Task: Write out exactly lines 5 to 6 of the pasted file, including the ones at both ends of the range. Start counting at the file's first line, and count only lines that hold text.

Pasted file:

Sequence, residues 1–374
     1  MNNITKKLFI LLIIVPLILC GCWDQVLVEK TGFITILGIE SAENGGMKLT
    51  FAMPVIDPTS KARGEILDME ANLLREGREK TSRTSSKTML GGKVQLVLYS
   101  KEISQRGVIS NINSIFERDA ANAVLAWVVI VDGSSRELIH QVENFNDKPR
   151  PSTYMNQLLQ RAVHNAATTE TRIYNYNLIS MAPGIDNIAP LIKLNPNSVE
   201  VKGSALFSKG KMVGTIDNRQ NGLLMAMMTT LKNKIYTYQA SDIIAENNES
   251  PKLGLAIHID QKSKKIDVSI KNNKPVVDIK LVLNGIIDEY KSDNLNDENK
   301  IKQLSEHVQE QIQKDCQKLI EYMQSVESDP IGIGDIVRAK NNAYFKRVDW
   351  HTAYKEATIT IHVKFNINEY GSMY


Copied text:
   151  PSTYMNQLLQ RAVHNAATTE TRIYNYNLIS MAPGIDNIAP LIKLNPNSVE
   201  VKGSALFSKG KMVGTIDNRQ NGLLMAMMTT LKNKIYTYQA SDIIAENNES